“There probably is no God, so stop worrying and enjoy your life.” These words, plastered over buses around the world, are not offensive to me but they seem to be for a good many people. So offensive that NZ Bus refuses to post them on their buses in major centres.
My quick take on this is that there seems to be a stupendous double standard – religious advertising is fine but an atheistic message is somehow “too shocking”. Perhaps non-believers should protest that, as people who are unconvinced by the claims of religion, they too are also offended at being censored. NZ Bus officials appear to have capitulated because a few loud believers don’t like their beliefs being challenged. (*Even if the quantity of people offended by the atheistic slogan is 99% then so be it – in a free society that is not grounds for censorship).
It is clear that the cognitive dissonance caused by an atheistic message is too great for some to contemplate. Those who complained about the bus campaign are seemingly unwilling to submit their beliefs to criticism. I argue that is why this campaign is necessary – thinking about your beliefs and why you believe them is not a bad thing (though the whole notion of “think for yourself” is a threat to the power religious authorities wield and hence frowned upon). If we are to take ideas seriously in this world, we must submit them to criticism. Granting them a free pass is both dangerous (some ideas have genuinely terrible consequences) and a little condescending.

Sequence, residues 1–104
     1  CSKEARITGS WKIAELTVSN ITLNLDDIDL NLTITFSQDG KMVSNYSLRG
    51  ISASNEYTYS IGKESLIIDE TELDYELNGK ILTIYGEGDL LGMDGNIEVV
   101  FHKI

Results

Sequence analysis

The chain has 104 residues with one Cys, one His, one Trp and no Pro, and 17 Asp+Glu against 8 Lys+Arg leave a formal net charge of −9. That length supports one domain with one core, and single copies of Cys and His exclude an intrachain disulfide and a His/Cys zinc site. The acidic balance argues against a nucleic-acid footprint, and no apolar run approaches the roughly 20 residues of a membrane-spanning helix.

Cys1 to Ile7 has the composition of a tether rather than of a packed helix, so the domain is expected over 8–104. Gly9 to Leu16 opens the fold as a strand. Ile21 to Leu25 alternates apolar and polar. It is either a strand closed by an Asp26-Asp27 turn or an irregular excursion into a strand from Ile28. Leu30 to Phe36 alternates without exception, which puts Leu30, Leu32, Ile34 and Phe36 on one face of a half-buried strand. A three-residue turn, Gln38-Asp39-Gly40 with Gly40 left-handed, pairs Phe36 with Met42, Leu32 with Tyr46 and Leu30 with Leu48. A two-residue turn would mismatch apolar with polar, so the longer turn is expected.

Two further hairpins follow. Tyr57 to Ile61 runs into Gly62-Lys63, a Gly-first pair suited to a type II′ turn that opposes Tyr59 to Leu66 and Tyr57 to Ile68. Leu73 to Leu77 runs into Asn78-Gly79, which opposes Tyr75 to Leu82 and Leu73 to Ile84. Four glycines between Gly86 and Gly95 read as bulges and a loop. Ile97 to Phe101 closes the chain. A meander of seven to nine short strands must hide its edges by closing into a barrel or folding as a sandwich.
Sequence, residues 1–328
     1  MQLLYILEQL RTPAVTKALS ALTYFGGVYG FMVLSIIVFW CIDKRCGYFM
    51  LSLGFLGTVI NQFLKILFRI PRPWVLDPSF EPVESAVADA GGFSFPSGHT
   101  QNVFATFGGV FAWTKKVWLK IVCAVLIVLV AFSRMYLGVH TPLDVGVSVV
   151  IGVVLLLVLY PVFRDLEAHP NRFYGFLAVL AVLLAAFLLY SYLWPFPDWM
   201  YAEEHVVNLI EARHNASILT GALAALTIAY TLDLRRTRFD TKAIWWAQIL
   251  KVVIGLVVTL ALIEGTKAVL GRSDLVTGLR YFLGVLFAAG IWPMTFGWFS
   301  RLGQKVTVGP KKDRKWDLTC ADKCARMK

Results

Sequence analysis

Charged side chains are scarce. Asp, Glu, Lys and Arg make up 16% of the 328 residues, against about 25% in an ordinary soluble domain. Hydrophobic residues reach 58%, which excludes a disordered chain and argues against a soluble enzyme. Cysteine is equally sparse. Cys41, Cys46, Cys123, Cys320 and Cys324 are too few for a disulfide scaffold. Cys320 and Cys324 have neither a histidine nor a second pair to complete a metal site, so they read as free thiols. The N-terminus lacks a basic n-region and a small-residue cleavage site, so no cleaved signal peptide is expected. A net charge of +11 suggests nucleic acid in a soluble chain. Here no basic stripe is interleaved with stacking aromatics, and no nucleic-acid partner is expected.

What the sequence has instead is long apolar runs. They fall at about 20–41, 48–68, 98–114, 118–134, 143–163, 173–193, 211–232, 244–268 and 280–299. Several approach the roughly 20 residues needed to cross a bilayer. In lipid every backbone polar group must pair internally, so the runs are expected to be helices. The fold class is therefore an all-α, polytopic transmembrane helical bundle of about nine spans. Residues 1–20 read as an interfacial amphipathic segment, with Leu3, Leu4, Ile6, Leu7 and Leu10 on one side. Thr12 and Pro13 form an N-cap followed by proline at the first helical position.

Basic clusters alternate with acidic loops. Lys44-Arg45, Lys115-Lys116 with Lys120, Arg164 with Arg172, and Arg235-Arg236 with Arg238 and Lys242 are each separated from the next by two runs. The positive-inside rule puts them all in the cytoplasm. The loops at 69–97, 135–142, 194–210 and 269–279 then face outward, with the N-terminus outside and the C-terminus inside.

In a free society, you should be able to say whatever you like – the price of admission to the public square is allowing ideas to be criticised. Good ideas will survive ethical, philosophical and empirical challenges. Isn’t this what the enlightenment taught us? It seems any civilised society allows no ideas to enjoy special protection (which is why communist political ideologies and theocratic and totalitarian states like Saudi Arabia and Iran will always leave the door open for authorities to abuse the human rights of others).
In the next few posts, I will examine the phrase “There probably is no God, so stop worrying and enjoy your life,” and look specifically at an Jeff Tallon’s apologetic arguments against this phrase. His opinion pieces featured unchallenged in the NZ Herald around Christmas 2009. I will discuss the flaws of reasoning he employed to reach the extraordinary claim that there is a God, though we have no evidence of such a being.